Don: As far as the FM community goes, I reach out across the community and talk to people when I have a job coming up. Last year, we did all the roofs on the mansion and I reached across to Daniel Blemke at the Baltimore Museum of Art and actually got his consultant, who came over here, set it up for us, took in brought our contractors in here, helped me get it all set up, and we did a fantastic roof job in a third of the time that it was supposed to take. So, you have to be not afraid to tell people you don't know. That’s the first one. I meet so many people who say, “I don't tell somebody I don't know that”. Why not? There's too much out here that happens that people don't understand what's going on.

Mike: So, you must rely on some industry-partners to make that happen, right?

Don: Absolutely! I have some really good partners that I’ve developed here at Hillwood. I have phone numbers for my major contractors to their homes and stuff that I can call. I have called at four o'clock in the morning and had trucks rolling on the property at five-thirty in the middle of a snowstorm. So, when you can build that kind of relationship with your partners, and you trust your partners, and they trust you, then there’s nothing that can’t be solved.

Mike: Absolutely. It’s a mutual respect and it's a relationship that’s really built over time, and what I tell industry-partners is they have to prove their value and they have to demonstrate their commitment level. Talk to those folks out there who may be new to the business, new to the FM world, and they're interested in becoming a trusted partner. What would you recommend they do to be better at that?

Don: The biggest thing is communication. If I call one of my partners, if I don't get him on the phone and I leave him a message saying, "I need to talk to you, I have an issue", I expect a return call and expect a return call fairly soon. Now, I know there are times that I’ve missed somebody being on vacation, and I’ve called them, didn't get anything. But I have other numbers that I call to follow up. But the biggest thing is to be a true partner, don't come in with your bottom line on your mind. Come in with the idea of what does this person need? How can we help them? What can we provide for them? Do we know of anybody else? I’ve gotten two of my major partners from the companies that I used to begin with, that have brought their partners in to work with me. So, like I said, it’s mutual respect. Come in not with your bottom-line, but come with the idea about what do you need? What you're going to have to have? How we can help you? Then, your bottom line will get it in the end, when you become a partner.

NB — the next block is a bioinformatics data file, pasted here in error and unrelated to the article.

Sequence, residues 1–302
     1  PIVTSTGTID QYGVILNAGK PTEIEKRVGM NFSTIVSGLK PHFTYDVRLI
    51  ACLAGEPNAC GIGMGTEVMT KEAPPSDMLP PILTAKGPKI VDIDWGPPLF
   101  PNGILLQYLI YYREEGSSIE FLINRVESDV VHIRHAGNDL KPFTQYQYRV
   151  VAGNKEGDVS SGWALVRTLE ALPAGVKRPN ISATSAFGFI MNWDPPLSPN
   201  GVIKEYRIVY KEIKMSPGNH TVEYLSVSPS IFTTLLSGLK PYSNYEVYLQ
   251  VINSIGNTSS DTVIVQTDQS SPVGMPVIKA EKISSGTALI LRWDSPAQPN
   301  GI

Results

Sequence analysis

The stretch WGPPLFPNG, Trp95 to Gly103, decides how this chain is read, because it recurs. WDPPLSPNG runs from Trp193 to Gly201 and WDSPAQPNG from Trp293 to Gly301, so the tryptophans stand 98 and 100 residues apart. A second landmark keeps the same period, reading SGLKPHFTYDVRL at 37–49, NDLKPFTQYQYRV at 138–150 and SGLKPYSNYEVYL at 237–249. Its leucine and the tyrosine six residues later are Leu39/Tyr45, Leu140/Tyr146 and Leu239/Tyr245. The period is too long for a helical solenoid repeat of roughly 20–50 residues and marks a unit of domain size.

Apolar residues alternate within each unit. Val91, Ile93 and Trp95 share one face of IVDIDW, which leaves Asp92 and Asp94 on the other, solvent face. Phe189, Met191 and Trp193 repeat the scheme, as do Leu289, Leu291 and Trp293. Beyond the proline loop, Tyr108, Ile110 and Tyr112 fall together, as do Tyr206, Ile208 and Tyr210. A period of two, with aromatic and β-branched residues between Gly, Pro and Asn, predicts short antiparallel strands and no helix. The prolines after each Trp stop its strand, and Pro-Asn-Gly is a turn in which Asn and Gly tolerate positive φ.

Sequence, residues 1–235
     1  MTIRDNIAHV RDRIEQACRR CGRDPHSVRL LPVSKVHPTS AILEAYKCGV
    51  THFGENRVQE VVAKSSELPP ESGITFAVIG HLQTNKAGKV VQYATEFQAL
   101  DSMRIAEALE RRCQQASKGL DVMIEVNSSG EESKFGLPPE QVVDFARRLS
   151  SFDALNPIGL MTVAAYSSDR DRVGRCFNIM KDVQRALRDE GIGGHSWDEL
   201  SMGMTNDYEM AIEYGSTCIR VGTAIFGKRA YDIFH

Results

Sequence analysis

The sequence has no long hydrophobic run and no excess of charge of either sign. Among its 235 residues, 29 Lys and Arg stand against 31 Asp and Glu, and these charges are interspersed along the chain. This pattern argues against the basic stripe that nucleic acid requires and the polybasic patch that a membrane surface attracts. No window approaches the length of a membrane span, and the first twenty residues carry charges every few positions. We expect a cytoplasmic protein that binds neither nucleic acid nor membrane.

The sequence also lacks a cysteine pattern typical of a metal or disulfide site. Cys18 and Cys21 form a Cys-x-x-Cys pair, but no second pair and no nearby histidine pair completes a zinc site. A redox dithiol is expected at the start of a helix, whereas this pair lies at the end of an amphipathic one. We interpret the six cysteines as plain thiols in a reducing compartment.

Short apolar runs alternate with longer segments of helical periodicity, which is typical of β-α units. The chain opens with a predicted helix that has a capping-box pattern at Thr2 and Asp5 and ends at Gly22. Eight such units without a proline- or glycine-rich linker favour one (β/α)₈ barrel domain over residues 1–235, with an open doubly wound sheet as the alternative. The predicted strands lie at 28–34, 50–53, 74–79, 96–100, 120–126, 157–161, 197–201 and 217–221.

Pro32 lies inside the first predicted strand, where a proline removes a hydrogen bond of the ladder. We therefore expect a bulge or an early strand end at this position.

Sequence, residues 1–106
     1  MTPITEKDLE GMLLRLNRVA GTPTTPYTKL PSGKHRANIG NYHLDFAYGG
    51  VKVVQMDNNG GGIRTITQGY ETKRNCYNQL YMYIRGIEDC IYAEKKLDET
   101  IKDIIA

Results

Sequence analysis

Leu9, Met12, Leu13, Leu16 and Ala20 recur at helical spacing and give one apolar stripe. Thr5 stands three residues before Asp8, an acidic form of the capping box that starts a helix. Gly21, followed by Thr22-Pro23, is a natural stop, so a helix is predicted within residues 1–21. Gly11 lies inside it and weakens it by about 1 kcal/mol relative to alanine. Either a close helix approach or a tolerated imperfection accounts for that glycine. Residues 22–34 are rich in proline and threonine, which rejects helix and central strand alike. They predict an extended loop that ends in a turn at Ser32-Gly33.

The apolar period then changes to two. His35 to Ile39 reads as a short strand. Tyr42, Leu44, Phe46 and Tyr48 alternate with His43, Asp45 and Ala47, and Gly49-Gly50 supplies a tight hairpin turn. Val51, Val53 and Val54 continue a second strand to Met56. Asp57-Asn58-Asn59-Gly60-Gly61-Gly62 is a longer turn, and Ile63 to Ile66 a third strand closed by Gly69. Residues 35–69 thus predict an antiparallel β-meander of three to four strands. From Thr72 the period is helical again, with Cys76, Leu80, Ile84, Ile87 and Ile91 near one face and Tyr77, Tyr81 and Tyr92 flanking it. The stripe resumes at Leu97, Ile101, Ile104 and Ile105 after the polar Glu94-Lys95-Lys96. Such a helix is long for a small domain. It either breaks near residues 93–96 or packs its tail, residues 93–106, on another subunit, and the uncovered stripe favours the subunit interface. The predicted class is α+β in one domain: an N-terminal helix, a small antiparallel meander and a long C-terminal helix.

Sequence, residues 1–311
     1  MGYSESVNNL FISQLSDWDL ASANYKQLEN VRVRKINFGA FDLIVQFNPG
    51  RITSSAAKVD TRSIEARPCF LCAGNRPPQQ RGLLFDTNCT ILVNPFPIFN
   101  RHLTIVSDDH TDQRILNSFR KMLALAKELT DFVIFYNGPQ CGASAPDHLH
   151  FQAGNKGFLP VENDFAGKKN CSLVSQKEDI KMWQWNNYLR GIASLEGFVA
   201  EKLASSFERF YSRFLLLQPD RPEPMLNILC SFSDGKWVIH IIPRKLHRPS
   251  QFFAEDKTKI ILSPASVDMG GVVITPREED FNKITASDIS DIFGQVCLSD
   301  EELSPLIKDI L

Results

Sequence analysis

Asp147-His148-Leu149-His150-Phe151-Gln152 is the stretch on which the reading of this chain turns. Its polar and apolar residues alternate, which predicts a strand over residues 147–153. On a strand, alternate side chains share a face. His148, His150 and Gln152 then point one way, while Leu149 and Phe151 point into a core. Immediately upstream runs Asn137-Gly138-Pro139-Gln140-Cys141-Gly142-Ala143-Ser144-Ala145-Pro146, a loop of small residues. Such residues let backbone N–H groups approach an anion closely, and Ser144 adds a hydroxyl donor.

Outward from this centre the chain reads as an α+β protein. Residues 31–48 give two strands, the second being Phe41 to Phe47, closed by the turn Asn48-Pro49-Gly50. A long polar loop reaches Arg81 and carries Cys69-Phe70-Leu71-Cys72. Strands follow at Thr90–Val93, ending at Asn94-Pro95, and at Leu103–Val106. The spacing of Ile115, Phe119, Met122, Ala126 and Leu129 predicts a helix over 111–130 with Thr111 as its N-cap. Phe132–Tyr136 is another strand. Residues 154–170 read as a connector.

Mike: And that's so important and that's what's great about our FM community is we have this back-and-forth collaboration that takes place between our FM practitioners and our facility partner companies and we try to facilitate that through IFMA. We have an event called “Collabor8” (with a little “8” at the end). Pretty clever, huh? “Collabor8” and the theme was “What's the difference between a vendor and a partner?” How you find out who your partners truly are? When problems happen, right?

Don: Well, you find out what they are when problems happen, but you also find out with the day-to-day. A partner is somebody that's truly concerned about my property, about me and about what we have to do to make it happen. And to become a partner for me, you have to, like I said, you have to be able to respond to me, you have to take and be honest with me, you know, not everybody can do everything, and if I call one of my partners and say, "Hey, I have this issue and what I need to do about this and is something you can help me out with?" I don't expect someone to come out here and fumble around with it, I expect them to say, “You know, that's a little bit beyond us, but here's somebody we think can help you with.” That's a partner. That’s somebody that's here to make my property work.

Mike: What do you most enjoy about your job?

Don: I enjoy the challenges. I mentioned it earlier… Calling one of my vendors at four o'clock in the morning in the middle of a snowstorm because I had a six inch water main burst and it was coming out of the ground. Those are the kinds of things you can't think inside the box. You’ve got to be able to say, "Okay, what I got to do, what I have to have" and make it happen. And be ready to have your partners know that that's what's going to happen.

Mike: That's awesome and that's really amazing to hear those types of stories and I’ve heard them from you in the past. Because nobody wants to get up at four in the morning having to deal with a problem, but there's something satisfying about solving that issue and at the end of the day, you said sometimes you work 18-20 hours in a row to get things done, but there's something truly rewarding about that, right?